Every time I tell someone that I am majoring in Nutrition Science, I get a number of similar responses. "Oh, you must be a health nut," or, "Do you just, like, learn about fruits and vegetables?" Or, my favorite: "It's not that hard to learn how to eat healthy." Thanks, people. While I will admit that I am usually somewhat of a health nut, which is what initially sparked my interest in the field, that is not the only reason why I am a nutrition major. I am studying nutrition because I want to help people understand the importance of diet and the impact it can have on every aspect of our lives. There is so much false information about health out there, and I want to learn the truth and help others learn it as well. Also, I love food (I'm a Spoon writer, duh).

The major of nutrition is SO much more than just learning about what's "healthy." We learn about food, obviously, but that's not all. The variety of courses in our education prepares us for numerous career opportunities. Students that major in nutrition go on to be Registered Dietitians, food analysts, hospital administrators, educators, and even doctors. Here are some common misconceptions to which most nutrition majors can probably relate.

We Have It Easy

As a peer advisor in the Nutrition Department here at UC Davis, I meet a lot of students who want to change majors because they liked NUT 10 (our basic lower division nutrition class). NUT 10 is not a summary of our education. Nutrition is rooted in biology and chemistry. During the first half of college, we take a year of chemistry, a year of biology and two quarters of organic chemistry. During our third year, we take two quarters of upper division biochemistry, and the worst part is that it's at 8 AM every single day. We don't even start nutrition courses until winter quarter of our junior year. We do not, by any means, have an easy major. While the struggle can be so real, we manage to persevere and kick butt.

We All Become Nutritionists

A classroom with teacher and students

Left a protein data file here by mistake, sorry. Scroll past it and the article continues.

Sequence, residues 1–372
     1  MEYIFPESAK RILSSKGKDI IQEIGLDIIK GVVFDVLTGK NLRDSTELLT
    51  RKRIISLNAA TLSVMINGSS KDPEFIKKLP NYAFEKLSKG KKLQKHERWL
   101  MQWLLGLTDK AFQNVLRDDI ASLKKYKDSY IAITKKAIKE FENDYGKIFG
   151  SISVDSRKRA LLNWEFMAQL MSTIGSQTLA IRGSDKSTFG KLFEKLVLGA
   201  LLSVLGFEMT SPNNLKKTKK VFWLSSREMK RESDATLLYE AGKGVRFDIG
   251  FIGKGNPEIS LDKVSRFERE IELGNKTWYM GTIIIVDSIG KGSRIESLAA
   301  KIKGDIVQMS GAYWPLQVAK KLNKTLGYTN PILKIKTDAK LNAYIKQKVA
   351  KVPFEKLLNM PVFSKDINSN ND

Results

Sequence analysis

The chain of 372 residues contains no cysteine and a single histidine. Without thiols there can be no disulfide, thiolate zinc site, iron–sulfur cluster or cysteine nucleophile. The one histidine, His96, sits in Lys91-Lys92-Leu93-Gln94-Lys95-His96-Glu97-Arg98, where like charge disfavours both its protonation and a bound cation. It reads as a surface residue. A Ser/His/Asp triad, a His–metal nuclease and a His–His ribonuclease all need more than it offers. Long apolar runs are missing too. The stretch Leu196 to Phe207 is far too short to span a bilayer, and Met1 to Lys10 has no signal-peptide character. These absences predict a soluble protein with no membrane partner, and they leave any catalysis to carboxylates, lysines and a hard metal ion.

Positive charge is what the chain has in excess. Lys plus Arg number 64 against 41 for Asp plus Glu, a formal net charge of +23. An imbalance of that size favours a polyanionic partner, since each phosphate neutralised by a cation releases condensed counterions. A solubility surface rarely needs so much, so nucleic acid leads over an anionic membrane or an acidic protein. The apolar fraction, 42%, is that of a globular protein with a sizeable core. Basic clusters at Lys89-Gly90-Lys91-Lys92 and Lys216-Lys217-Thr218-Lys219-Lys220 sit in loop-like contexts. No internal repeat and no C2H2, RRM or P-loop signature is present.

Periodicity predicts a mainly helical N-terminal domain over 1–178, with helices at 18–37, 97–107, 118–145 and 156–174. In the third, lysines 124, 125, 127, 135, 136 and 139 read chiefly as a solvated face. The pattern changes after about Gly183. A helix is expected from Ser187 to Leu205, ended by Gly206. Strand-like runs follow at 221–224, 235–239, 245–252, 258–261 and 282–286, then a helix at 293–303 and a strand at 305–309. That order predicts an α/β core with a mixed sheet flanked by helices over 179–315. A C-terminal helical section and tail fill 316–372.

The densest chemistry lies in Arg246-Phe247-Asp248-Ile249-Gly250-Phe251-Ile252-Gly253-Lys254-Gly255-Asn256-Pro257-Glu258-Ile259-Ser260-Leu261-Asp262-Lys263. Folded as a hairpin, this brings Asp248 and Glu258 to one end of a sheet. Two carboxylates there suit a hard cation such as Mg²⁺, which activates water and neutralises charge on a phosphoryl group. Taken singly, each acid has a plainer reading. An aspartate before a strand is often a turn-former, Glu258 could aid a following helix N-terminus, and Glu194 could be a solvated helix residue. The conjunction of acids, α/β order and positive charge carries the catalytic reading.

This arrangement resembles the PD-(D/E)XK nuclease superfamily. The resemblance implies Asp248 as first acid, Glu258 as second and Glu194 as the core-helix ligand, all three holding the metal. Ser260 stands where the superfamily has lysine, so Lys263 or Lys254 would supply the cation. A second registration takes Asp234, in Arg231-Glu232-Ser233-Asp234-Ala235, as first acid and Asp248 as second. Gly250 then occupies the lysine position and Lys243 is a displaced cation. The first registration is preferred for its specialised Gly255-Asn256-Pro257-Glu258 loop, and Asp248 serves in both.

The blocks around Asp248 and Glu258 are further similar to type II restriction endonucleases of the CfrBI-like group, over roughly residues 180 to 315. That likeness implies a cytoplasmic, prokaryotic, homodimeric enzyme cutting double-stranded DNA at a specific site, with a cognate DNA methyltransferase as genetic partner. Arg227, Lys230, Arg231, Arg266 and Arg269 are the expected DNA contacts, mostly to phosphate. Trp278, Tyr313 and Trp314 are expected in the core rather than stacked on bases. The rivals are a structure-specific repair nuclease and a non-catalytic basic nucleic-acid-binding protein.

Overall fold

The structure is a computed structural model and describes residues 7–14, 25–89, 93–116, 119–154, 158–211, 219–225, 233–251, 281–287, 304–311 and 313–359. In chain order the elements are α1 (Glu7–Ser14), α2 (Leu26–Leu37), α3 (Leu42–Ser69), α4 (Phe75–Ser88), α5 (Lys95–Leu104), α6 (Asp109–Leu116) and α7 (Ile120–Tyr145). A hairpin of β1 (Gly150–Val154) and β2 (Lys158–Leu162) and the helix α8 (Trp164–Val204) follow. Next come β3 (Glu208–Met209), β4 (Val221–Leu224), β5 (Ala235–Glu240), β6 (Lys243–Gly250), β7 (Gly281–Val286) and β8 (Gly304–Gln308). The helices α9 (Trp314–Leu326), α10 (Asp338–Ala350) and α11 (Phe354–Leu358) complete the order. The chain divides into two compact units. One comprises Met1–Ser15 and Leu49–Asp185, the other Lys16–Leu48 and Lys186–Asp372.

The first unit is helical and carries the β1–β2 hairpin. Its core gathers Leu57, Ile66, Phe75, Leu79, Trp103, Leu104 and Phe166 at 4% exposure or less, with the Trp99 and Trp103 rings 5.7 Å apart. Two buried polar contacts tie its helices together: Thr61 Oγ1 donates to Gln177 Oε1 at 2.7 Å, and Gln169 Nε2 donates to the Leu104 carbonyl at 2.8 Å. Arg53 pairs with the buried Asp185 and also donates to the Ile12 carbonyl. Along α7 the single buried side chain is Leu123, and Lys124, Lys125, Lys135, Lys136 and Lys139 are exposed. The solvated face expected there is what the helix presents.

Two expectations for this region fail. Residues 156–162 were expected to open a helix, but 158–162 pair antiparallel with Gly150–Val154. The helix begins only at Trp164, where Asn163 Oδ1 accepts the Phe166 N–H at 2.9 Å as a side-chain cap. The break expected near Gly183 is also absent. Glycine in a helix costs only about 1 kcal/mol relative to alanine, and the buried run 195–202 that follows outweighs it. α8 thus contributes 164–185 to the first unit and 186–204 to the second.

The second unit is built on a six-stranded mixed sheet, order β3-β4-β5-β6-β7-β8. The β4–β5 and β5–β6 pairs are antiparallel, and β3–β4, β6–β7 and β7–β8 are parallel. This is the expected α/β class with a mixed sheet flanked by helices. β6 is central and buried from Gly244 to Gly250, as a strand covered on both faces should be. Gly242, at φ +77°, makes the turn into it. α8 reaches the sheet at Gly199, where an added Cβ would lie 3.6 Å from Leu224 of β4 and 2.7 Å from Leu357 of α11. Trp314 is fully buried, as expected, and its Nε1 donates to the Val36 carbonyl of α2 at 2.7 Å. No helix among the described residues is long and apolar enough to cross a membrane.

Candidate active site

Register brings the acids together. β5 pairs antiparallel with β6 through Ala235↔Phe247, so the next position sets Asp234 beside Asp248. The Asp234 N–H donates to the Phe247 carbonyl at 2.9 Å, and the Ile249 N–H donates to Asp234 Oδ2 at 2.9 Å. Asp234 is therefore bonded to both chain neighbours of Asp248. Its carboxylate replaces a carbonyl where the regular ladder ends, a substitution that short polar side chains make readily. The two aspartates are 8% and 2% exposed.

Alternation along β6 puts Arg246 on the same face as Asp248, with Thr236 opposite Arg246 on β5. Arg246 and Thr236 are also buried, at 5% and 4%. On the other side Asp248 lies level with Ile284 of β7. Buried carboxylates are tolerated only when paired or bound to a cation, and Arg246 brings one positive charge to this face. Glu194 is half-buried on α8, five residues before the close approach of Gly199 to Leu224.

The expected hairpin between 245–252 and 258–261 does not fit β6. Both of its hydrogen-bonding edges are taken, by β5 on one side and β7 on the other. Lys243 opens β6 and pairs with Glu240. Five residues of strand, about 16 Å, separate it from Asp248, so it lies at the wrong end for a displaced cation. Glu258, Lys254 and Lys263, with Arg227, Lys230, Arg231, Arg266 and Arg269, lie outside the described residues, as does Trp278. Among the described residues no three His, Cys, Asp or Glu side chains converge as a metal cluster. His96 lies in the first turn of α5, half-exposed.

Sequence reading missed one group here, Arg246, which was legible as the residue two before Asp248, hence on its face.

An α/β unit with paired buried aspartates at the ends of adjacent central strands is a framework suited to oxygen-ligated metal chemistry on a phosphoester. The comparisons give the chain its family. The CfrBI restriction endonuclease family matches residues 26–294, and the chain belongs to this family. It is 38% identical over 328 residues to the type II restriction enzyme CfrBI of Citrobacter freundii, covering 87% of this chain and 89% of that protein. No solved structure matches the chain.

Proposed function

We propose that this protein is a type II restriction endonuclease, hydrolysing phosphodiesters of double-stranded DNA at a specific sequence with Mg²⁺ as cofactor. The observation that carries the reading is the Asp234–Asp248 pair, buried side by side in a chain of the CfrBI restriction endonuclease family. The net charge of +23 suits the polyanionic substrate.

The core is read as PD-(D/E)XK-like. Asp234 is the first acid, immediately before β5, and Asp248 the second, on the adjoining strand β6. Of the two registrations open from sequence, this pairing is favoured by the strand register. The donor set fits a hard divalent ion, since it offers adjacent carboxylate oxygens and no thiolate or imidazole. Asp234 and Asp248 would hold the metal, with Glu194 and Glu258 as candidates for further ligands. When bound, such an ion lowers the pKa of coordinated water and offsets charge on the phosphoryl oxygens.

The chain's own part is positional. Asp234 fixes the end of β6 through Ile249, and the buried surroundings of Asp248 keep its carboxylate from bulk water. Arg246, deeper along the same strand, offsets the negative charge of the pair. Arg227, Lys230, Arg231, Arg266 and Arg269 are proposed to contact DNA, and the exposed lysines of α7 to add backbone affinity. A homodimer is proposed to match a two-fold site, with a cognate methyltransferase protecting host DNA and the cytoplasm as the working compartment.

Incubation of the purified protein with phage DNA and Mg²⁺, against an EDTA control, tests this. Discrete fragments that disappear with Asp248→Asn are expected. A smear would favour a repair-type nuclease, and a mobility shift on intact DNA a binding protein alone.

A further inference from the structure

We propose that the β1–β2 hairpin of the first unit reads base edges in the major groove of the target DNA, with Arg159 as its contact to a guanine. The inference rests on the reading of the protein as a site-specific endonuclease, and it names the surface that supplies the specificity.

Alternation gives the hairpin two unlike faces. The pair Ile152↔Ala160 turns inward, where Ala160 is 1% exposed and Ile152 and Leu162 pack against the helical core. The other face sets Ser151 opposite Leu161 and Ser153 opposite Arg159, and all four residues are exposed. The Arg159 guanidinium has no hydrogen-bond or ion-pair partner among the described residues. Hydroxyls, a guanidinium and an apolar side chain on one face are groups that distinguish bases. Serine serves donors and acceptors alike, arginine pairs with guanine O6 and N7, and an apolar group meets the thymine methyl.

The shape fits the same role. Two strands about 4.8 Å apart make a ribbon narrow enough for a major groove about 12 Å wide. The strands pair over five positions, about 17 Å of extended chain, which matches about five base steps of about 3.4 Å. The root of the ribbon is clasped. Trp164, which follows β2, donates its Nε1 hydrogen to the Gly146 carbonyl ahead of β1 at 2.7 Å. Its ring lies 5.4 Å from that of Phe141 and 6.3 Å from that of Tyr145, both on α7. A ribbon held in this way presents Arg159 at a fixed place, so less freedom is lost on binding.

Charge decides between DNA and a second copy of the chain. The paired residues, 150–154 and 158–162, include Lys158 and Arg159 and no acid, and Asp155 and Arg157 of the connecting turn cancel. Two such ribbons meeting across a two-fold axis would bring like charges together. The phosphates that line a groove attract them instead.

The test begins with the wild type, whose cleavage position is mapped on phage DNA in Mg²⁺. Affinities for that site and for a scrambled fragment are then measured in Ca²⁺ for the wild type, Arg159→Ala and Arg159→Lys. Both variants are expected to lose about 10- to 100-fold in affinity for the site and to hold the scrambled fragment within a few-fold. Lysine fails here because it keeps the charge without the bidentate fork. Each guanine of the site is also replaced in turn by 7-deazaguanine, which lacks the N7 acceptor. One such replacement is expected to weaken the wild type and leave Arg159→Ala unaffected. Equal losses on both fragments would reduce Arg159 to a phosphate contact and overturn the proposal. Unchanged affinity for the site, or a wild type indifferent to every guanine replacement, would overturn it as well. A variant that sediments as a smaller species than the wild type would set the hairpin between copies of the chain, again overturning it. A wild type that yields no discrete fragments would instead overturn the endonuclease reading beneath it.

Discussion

USDAgov on Flickr

First of all, don't ever say "nutritionist" in front of nutrition majors; it's dietitian. Anyone can call themselves a nutritionist, but Registered Dietitians put in hours of work and dedication to be able to rock that title. Aside from that little note, there are so many career opportunities for nutrition students. Here at UC Davis, there isn't even a flat-out "nutrition" major, which goes to show just how complex the nutrition field is. We have Clinical Nutrition, Nutrition Science (Public Health) and Nutrition Science (Nutritional Biology). 

Clinical Nutrition is designed for students who want to go the Registered Dietitian route. Nutrition Science (Public Health) incorporates food and nutrition courses but also includes social science courses to prepare students for the public health setting. Nutrition Science (Nutritional Biology) encompasses food and nutrition courses, but the brave souls that take on this major also have to take calculus, physics and intense labs that prepare them for a career in the medical field. 

We Don't Eat Junk Food

One time my co-worker was eating a brownie and someone actually said to her, "aren't you a nutrition major?" It's comical how often people make comments about our eating habits just because we are nutrition majors. Yes, most of us eat quite healthy the majority of the time, but we are allowed to have sugar without being ridiculed. I cannot control myself around chocolate chip cookies, but that doesn't mean that I don't care about my diet. I love food in any way, shape, or form. Everything in moderation, right?

We Only Shop At Whole Foods

We're broke college students too, so there is no chance that we can afford to get all of our groceries at Whole Foods. While I support buying organic food, I do not think it is absolutely necessary. There is no evidence that organic means healthier, and I don't think the inability to buy organic produce should prevent someone from eating fruits and vegetables. Stores like Whole Foods are essential when in need of specialty items such as matcha or açaí powder (some of my personal favorites), but I prefer to buy my quinoa at Target and save a few bucks. 

We Take Lots Of Supplements

vitamins/supps - 1 HD Photos curated by Cameron Williams | Unsplash

Crew on unsplash

With the relentless advertising about getting the essential vitamins and minerals in our diets, supplements are everywhere. Because they are associated with health, one would think nutrition freaks like myself would be all over them, but this is simply not true. Nutrition majors care about meeting nutrition requirements through food. Some supplements, such as vitamin B12, may be necessary for vegans, but all of our required nutrients do not have to be obtained from pills. Plus, consuming more than the necessary amount of a vitamin or mineral will just cause the overage to be excreted or can even lead to toxicity if enough is consumed. Do yourself a favor and stop popping those Flintstones gummies like candy.

Next time you meet a nutrition major, don't make faulty assumptions. Ask for the real facts about food and health; we'll tell you.